At the core of Islamic finance is the sukuk. Much like a western-styled revenue bond, the sukuk returns capital from rents, royalties or user fees. According to Citi Islamic Bank, which unveiled a Citi-Dow Jones Sukuk Index at the International Islamic Finance Forum in Dubai this March, sukuk issuance for 2006 could equal about $14 billion, the combined notional value of the past four years' issuance. Revealing its sophistication level, a recent sukuk offering in the shipping sector named Venus Glory describes its structure as combining "an Islamic mezzanine tranche ... with conventional senior debt and conventional equity."
Retail products in Islamic finance run the gamut from microfinance to mortgages. Because interest-based loans are prohibited, mortgages, like other consumer products, are structured as installment or "lease to buy" arrangements, apportioning monthly payments between rent and ownership. Not amortized the conventional way, they replace the front-loaded interest payment schedule with a linear one, allowing homebuyers to acquire homes in equal parts throughout time. Mortgages are viewed as partnerships between custodian (lender) and occupier (borrower) until the home transfers to the latter. Although controversial, the Western practice of bundling and selling mortgages as asset-backed securities into the secondary market began in Dubai this past April with a $300 million offering.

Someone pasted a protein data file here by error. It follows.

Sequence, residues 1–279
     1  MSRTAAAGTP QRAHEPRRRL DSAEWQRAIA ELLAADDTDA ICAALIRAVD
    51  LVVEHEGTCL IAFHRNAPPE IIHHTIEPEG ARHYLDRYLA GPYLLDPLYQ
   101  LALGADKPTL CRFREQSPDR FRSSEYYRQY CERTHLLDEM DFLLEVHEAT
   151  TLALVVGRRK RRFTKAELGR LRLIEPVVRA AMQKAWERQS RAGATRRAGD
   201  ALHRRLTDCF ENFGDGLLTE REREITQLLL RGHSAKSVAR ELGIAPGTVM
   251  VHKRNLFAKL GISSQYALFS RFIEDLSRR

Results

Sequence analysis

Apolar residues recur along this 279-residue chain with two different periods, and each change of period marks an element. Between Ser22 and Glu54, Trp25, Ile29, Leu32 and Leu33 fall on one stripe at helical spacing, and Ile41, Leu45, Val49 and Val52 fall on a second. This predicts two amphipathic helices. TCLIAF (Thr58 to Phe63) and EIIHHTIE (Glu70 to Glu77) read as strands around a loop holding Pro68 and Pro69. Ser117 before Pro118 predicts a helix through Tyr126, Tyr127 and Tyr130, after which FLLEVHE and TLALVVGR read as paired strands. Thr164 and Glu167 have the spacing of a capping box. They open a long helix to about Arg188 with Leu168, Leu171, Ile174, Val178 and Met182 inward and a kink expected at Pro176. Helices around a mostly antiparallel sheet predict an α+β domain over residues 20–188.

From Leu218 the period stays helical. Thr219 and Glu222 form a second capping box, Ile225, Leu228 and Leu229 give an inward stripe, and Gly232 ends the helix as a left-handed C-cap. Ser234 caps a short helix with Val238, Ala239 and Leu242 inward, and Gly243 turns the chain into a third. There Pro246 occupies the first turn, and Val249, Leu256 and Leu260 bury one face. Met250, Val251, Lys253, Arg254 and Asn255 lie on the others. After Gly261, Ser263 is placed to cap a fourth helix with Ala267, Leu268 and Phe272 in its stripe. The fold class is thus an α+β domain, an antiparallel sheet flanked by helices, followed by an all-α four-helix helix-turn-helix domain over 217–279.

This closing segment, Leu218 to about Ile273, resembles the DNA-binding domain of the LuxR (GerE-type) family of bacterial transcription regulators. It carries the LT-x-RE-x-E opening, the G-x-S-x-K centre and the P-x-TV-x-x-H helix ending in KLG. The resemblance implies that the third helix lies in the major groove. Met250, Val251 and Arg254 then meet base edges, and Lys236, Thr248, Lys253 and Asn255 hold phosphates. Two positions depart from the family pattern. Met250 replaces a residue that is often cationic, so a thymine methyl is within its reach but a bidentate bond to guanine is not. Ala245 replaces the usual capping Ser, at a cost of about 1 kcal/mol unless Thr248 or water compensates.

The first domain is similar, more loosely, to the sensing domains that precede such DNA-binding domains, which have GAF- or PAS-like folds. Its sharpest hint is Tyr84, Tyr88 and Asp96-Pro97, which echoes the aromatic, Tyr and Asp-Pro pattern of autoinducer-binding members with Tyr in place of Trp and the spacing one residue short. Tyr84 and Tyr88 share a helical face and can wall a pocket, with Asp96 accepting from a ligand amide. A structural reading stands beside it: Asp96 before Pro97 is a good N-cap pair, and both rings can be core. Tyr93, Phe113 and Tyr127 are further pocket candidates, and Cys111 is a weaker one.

As for equities, most Westerners' are shocked to see the list of industries forbidden by the Shariah Board, which include businesses engaged in entertainment, gambling, tobacco, alcohol, financial services, defense/weapons and pork production. Yet Islamic equity indexes first started in 1999 are blooming. According to Dow Jones, exchange traded funds (ETFs) also have gained acceptance. Last year, the Istanbul Stock Exchange launched two ETFs: the Turkey Titans, which comprises the top 20 blue chip Turkish firms, and the other is made up of 17 Shariah compliant companies. Another Dow Jones fund, called the Islamic Sustainability Index, lists Shariah-approved corporations focused on ethical and environmental issues, commenced in 1999.